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Today's Health Highlights: Oct. 29, 2001

More Anthrax at More Federal Sites Quitting Fen-Phen May Stop Heart Leaks

Here are some of the latest health and medical news developments, compiled by editors of The HealthDay Service:

Anthrax Found at More Federal Buildings

Federal officials said today that traces of anthrax had been discovered in the U.S. Supreme Court building, a Department of Health and Human Services building and a State Department building, CNN reported.

The Secretary of Health and Human Services, Tommy Thompson, said that preliminary tests came back positive for anthrax contamination at the Cohen Building, home to several offices, including the Voice of America and the Food and Drug Administration.

At the State Department, spokesman Richard Boucher said the contamination there was found in a mail-handling facility across the street from the main State Department building. He added that six mail bags at the U.S. Embassy in Peru were tested and one was found to contain traces of anthrax, according to the Associated Press.

"All our mail rooms have been closed down," Boucher said.

One senior State Department official stressed that the amount of anthrax found in the mail facility was "very, very minor," according to CNN.

And at the Supreme Court building, which had been already closed for testing, officials said the building's basement mailroom had tested positive for anthrax contamination. More tests are under way, and the building will remain closed tomorrow, spokeswoman Kathy Arberg said, according to CNN.

The Supreme Court was forced to convene today in a building other than its landmark site, for the first time since it was erected 66 years ago. The move was prompted by the discovery last week of anthrax in a remote mail-handling facility serving the court. The justices heard arguments at the U.S. District Court a mile from their chambers, the AP reported.

Today's developments were the latest in a string of anthrax discoveries in federal buildings. Last night, officials announced the discovery of traces of the potentially lethal germ at an offsite facility that handles mail for the Justice Department, according to CNN.

Several areas within the Landover, Md., facility, including the area where Attorney General John Ashcroft's mail is handled, revealed traces of anthrax, according to department spokeswoman Susan Dryden. As a result, the mailroom in the basement of the main Justice Department building in central Washington has been closed pending test results, which are expected tomorrow.

Mail delivery from Landover to the main Justice Department building was halted several days ago, pending those results. The Landover facility is a central distribution center for many Justice Department agencies. It received its mail from the now-closed Brentwood mail distribution center in Northeast Washington. Two mail handlers who worked at Brentwood have died of inhalation anthrax, the most dangerous form of the disease.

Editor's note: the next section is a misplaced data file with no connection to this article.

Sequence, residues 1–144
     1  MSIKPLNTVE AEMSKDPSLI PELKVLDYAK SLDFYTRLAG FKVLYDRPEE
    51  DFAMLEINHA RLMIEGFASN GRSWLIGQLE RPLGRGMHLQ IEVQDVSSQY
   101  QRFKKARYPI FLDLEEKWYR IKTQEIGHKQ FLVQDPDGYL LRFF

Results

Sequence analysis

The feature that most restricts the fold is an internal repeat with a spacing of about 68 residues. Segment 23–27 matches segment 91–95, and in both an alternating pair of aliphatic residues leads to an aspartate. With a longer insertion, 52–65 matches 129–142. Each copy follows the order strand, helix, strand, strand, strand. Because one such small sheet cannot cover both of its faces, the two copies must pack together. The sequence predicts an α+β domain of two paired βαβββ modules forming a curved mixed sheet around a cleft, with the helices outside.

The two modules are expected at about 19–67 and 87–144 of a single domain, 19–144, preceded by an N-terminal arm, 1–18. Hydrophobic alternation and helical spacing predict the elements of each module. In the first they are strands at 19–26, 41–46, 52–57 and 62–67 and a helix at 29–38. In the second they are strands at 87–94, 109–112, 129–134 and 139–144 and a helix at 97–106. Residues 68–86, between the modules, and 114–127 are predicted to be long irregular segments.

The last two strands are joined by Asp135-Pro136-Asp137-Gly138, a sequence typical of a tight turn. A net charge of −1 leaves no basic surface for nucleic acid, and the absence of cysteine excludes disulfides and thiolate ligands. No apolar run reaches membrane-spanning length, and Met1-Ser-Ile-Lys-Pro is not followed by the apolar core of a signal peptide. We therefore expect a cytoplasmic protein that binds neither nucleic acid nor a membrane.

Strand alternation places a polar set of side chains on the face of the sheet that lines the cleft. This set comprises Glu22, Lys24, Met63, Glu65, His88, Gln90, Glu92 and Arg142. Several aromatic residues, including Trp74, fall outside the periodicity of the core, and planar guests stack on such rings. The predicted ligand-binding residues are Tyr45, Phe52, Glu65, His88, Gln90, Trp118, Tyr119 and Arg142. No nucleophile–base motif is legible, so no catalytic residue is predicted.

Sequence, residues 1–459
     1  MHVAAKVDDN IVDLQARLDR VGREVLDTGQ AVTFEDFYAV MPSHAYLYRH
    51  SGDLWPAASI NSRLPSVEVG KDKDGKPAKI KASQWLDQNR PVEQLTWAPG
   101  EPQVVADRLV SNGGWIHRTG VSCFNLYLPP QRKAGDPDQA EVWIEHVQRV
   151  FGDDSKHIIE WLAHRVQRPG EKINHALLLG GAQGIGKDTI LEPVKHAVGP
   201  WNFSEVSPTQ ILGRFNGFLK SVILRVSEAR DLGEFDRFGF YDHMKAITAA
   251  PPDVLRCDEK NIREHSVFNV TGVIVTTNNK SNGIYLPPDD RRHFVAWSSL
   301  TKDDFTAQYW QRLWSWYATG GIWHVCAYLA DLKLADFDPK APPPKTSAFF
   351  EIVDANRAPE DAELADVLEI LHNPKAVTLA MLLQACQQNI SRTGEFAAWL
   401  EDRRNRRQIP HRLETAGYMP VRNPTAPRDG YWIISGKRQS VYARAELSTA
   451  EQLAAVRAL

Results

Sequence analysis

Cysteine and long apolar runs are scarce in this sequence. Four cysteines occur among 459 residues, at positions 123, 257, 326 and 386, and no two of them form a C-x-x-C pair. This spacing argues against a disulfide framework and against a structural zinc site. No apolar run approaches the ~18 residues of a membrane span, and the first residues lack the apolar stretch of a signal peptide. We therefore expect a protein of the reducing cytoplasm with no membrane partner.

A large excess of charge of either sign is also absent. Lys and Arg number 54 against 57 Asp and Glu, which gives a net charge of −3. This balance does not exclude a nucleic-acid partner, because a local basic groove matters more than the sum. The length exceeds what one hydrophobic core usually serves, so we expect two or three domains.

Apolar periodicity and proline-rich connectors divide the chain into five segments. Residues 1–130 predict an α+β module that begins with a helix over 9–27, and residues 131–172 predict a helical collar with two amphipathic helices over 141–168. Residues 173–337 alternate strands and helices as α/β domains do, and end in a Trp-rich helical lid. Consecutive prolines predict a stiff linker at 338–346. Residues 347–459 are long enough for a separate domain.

Concern that a second anthrax-contaminated letter -- or more -- has not yet been discovered has widened the search to thousands of businesses in Washington and 30 mail distribution centers.

White House Chief of Staff Andrew Card said deadly germs might be "stuck" on mail somewhere, contaminating machinery in postal facilities, according to a New York Times report today. Card also said that investigators were no closer to determining whether the source of the anthrax is foreign or domestic.

There have been 14 confirmed cases of anthrax so far, including eight inhaled versions of the disease. Inhalation anthrax has killed three of those people -- the two Brentwood postal workers and an editor for a Florida-based publisher of supermarket tabloids.

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Quitting Fen-Phen May Stop Leaky Heart Valves

People who took the diet pills fen-phen and developed heart problems may take solace in some new research, HealthDay reports.

A study published in the current issue of the Journal of the American Medical Association shows that for those who developed leaky heart valves while taking fen-phen, the problem doesn't get worse after a year off the pills. And for about 5 percent of those patients, their leaky valves got better, the study says.

"The strong message here is that there is no evidence that valve regurgitation, or leaky valves, gets worse over time," says study co-author Dr. Neil Weissman, director of cardiac ultrasound at Washington Hospital Center in Washington, D.C.

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